The flavor of sake can vary according to the amount of sugar and alcohol, the concentration of acid, and how savory it is (determined by the concentration of amino acids). Sake can be served chilled, heated, or at room temperature. High-grade sake is usually not served hot, because the flavors would be lost.
Rice and noodles
Rice is the staple food of Japan, and its Japanese names, gohan and meshi, also stand for meal. Rice is consumed with almost every meal. The variety used in Japan is short-grained, sticky, and polished. Brown rice is not as common, but it is becoming more and more widespread.
Noodles can be a substitute for rice. Soba noodles (thin and grey), and udon (thick) are the traditional noodles, eaten as standalones. They can come with toppings and are usually served in a bowl with broth made from soy, dashi, and mirin. Scallion, wasabi, shichimi, and nori are usually added to the broth.
Pure vegetarian dishes are hard to find. In fact, vegetables are often flavored with the dashi stock made from tuna. However, it is still possible to taste the exquisite creations of Buddhist monks, the vegetarian cuisine commonly found in many Buddhists countries.
This cuisine follows some rules (like avoiding garlic and strong smelling plants) in order to create delicious karmically-positive food. Rice and noodles are served with almost every meal, seasoning is confined to what is available in the region, and meat is usually imitated using wheat gluten.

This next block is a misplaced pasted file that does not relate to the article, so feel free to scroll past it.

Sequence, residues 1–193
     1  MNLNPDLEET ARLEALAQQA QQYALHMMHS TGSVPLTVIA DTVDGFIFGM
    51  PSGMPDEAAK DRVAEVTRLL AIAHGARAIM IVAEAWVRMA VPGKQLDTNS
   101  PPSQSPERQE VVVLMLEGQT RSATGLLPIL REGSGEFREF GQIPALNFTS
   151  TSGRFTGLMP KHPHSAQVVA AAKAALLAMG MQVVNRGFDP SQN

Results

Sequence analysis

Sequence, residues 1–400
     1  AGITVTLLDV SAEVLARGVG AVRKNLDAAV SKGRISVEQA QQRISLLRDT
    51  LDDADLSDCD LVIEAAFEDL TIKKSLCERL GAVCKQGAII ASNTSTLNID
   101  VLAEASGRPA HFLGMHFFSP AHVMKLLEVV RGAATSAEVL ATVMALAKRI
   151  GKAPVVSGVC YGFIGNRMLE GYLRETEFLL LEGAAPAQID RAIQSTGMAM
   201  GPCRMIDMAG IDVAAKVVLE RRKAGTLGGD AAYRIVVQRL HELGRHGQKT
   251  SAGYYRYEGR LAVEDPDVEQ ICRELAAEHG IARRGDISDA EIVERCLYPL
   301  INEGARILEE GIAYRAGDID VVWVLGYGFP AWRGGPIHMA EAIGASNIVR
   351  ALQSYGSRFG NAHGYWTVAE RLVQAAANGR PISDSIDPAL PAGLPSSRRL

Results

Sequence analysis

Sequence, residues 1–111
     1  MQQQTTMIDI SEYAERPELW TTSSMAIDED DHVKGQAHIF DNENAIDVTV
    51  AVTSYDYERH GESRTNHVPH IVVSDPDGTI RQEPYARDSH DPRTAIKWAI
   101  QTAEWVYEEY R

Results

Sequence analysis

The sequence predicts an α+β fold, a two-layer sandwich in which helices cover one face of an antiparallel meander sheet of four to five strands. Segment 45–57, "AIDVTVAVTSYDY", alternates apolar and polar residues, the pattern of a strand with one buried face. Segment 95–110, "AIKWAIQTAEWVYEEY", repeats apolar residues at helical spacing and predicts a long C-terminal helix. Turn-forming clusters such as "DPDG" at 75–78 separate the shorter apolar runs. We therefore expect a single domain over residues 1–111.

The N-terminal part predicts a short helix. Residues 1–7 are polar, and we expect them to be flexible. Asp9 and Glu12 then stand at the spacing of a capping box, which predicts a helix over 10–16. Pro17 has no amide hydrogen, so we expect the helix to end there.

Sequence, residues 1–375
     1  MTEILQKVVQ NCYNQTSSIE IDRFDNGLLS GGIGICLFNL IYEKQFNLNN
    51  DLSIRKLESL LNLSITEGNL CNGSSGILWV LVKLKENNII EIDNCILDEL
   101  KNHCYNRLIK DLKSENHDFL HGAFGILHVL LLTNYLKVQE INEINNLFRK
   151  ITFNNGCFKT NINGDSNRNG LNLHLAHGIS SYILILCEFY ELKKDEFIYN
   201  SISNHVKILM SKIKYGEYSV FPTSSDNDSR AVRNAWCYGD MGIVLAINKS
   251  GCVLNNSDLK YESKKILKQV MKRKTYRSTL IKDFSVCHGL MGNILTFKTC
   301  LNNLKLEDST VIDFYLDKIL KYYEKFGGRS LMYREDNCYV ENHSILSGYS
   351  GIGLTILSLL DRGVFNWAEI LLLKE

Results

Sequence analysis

Common comments and toasts
Before starting a meal, many Japanese people will say itadakimasu, meaning "I humbly receive". Both hands should be put together in front of the face. Before commencing, it is customary to compliment the host about the appearance of the food.
When the meal is over, it is good to say go-chis-sama deshita (that was a feast), to express your gratitude towards the host and let him/her know that the food served was tasty and sufficient.
When a toast is made, you should pick up your glass with one hand, supporting the bottom with the fingers of your other hand, and raising the cup in salute.
Visit Japan with Asia Highlights
The Japanese often use a region's specialty as a reason for traveling, going out of their way to find a restaurant famed for some particular kind of food. Do as the Japanese do, let Japanese food be a memorable part of your travel experience.
Asia Highlights will help arrange authentic local restaurants in your itinerary, add a sushi-making class to your market-visit, or leave you more free time to explore the city yourself. Just let us know your interests!